Serious mathematics at its intriguing, transporting best.



A wide-ranging sojourn into geometry and how it can be applied to real-life situations.

Even for the math-averse, there is something indelibly “primal” and useful about geometry, at least of the Euclidean variety. As University of Wisconsin math professor Ellenberg is quick to note, however, “geometry is the cilantro of math. Few are neutral.” As the author shows, it’s a subject on the move, providing new insights and deployments. “We are living in a wild geometric boomtown, global in scope,” writes Ellenberg in this often humorous, anecdotally rich dive into numerous mathematical theories. (His accessible approach carries over from How Not To Be Wrong, his 2014 bestseller.) The author feels that geometry has a lot to do with integrity and honesty, but he doesn’t want to sacrifice intuition at the altar of logical deduction: “We start from our intuitions about shapes in the physical world (where else could we start?), we analyze closely our sense of the way those shapes look and move, so precisely that we can talk about them without relying on our intuition if we need to.” Ellenberg introduces readers to a bevy of relatable mathematical concepts: the “theory of the random walk” and its implications regarding the unpredictable nature of the stock market; “tree geometry” and how it might help you win certain games; the algorithms that work their ways into tennis matches and the World Series as well as some that recall a bunch of monkeys at typewriters, “reducing literary texts to a binary sequence of consonants and vowels.” Also eye-opening are the author’s discussions of pandemics—progression, decay, and the math of herd immunity—and how geometric processes can “model smallpox, scarlet fever, train derailments, and steam boiler explosions.” In the penultimate chapter, “How Math Broke Democracy (and Might Still Save It),” Ellenberg offers an engrossing discussion of how geometry can help in the fight against gerrymandering.

Serious mathematics at its intriguing, transporting best.

Pub Date: May 25, 2021

ISBN: 978-1-984879-05-9

Page Count: 480

Publisher: Penguin Press

Review Posted Online: March 17, 2021

Kirkus Reviews Issue: April 1, 2021

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A welcome reference, entertaining and information-packed, for any outdoors-inclined reader.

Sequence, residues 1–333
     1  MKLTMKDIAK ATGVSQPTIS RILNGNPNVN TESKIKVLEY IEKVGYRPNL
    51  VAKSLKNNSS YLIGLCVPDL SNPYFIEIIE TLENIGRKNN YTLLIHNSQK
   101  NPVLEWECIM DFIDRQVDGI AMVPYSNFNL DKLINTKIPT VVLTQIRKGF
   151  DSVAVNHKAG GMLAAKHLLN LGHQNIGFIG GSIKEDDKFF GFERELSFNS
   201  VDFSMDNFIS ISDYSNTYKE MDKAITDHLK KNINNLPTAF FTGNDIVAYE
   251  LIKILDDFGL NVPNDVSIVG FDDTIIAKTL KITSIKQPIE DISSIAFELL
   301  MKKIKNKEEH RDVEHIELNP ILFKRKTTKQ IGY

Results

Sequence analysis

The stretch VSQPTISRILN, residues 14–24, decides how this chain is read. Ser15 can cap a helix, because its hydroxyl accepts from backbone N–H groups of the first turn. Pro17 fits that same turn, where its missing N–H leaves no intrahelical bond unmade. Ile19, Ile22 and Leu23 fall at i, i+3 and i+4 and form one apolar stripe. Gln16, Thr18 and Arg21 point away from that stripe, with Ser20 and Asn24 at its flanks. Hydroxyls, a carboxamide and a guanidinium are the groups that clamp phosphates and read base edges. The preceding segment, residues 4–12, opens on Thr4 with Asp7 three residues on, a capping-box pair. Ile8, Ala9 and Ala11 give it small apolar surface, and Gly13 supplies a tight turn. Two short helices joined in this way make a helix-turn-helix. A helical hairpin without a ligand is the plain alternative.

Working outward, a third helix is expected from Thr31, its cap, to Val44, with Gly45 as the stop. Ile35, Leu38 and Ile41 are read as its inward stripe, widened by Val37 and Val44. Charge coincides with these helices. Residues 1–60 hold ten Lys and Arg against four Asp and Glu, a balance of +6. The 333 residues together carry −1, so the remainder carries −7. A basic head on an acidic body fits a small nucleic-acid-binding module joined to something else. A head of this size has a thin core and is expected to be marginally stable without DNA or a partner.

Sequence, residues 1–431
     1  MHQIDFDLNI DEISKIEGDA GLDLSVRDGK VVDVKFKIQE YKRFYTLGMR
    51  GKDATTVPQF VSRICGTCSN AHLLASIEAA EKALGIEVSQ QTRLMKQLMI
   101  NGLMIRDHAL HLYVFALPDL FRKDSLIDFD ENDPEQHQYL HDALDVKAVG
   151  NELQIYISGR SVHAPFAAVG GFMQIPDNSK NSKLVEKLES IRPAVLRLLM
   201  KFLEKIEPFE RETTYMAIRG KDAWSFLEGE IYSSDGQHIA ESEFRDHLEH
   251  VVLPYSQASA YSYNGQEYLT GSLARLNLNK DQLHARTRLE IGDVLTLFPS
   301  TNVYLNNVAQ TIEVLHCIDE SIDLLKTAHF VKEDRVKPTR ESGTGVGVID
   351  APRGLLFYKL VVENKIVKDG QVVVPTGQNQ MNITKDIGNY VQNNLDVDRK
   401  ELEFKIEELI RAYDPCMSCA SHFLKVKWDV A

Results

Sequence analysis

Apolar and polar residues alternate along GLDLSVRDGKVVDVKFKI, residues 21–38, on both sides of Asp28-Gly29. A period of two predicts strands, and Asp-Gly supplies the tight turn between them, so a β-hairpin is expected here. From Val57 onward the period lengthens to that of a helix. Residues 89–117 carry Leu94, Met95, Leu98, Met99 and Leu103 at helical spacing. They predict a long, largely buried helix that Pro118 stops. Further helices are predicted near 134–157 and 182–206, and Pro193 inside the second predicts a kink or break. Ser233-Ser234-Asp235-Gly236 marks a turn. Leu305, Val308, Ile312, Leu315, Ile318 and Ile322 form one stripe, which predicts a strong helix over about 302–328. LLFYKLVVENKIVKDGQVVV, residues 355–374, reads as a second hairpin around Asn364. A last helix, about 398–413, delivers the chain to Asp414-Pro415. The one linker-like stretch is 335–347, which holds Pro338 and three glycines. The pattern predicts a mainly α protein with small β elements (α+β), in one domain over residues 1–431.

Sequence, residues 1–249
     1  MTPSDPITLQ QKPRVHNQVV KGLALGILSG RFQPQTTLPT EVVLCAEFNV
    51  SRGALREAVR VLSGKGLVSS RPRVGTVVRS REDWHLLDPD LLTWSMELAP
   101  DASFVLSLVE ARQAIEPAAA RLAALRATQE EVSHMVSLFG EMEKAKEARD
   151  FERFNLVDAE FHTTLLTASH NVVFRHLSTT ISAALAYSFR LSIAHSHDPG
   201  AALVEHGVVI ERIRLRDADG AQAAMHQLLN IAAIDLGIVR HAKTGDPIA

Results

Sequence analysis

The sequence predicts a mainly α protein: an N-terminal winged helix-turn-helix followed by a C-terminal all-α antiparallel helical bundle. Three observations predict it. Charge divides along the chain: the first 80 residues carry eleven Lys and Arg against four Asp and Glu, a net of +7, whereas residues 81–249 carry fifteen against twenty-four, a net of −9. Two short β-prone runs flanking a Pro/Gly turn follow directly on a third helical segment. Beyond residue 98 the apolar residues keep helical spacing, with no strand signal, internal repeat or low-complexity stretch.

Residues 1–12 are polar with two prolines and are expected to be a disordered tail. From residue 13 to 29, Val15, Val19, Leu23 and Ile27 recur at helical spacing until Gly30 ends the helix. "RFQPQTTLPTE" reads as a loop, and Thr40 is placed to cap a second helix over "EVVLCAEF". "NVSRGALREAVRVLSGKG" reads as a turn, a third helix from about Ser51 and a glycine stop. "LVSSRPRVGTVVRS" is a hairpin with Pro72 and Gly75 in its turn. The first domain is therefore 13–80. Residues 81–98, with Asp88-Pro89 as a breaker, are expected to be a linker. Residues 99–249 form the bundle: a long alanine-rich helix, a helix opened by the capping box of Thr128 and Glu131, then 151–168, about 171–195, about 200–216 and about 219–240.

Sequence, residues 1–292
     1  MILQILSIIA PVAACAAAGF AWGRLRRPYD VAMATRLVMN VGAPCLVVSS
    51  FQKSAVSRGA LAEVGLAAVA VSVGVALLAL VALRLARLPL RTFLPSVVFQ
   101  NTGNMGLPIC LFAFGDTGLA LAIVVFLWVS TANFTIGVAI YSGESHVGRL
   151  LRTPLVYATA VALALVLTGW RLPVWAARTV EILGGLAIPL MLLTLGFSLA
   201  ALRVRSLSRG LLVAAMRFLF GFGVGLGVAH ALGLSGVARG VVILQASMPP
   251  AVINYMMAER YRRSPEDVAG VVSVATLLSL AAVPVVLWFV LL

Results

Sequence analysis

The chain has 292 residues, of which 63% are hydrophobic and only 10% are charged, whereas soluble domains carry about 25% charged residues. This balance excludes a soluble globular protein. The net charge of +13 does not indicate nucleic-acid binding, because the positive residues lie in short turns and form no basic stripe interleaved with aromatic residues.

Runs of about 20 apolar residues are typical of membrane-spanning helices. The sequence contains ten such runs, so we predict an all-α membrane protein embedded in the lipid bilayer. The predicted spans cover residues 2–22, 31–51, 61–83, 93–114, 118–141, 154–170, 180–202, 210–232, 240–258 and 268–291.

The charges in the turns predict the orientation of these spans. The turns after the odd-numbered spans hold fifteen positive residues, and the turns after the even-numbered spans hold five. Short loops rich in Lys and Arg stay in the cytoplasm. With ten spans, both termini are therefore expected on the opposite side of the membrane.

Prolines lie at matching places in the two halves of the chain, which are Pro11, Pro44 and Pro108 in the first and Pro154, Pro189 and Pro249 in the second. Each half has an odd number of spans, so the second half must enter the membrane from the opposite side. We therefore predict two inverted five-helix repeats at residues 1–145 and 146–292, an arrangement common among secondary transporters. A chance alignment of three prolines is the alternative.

The bad news: On any given outdoor expedition, you are your own worst enemy. The good news: If you are prepared, which this book helps you achieve, you might just live through it.

As MeatEater host and experienced outdoorsman Rinella notes, there are countless dangers attendant in going into mountains, woods, or deserts; he quotes journalist Wes Siler: “People have always managed to find stupid ways to die.” Avoiding stupid mistakes is the overarching point of Rinella’s latest book, full of provocative and helpful advice. One stupid way to die is not to have the proper equipment. There’s a complication built into the question, given that when humping gear into the outdoors, weight is always an issue. The author’s answer? “Build your gear list by prioritizing safety.” That entails having some means of communication, water, food, and shelter foremost and then adding on “extra shit.” As to that, he notes gravely, “a National Park Service geologist recently estimated that as much as 215,000 pounds of feces has been tossed haphazardly into crevasses along the climbing route on Denali National Park’s Kahiltna Glacier, where climbers melt snow for drinking water.” Ingesting fecal matter is a quick route to sickness, and Rinella adds, there are plenty of outdoorspeople who have no idea of how to keep their bodily wastes from ruining the scenery or poisoning the water supply. Throughout, the author provides precise information about wilderness first aid, ranging from irrigating wounds to applying arterial pressure to keeping someone experiencing a heart attack (a common event outdoors, given that so many people overexert without previous conditioning) alive. Some takeaways: Keep your crotch dry, don’t pitch a tent under a dead tree limb, walk side-hill across mountains, and “do not enter a marsh or swamp in flip-flops, and think twice before entering in strap-on sandals such as Tevas or Chacos.”

A welcome reference, entertaining and information-packed, for any outdoors-inclined reader.

Pub Date: Dec. 1, 2020

ISBN: 978-0-593-12969-2

Page Count: 464

Publisher: Random House

Review Posted Online: Oct. 7, 2020

Kirkus Reviews Issue: Nov. 1, 2020

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A straightforward, carefully detailed presentation of how ``fruit comes from flowers,'' from winter's snow-covered buds through pollination and growth to ripening and harvest. Like the text, the illustrations are admirably clear and attractive, including the larger-than-life depiction of the parts of the flower at different stages. An excellent contribution to the solidly useful ``Let's-Read-and-Find-Out-Science'' series. (Nonfiction/Picture book. 4-9)

Pub Date: Jan. 30, 1992

ISBN: 0-06-020055-3

Page Count: 32

Publisher: HarperCollins

Review Posted Online: May 20, 2010

Kirkus Reviews Issue: Dec. 15, 1991

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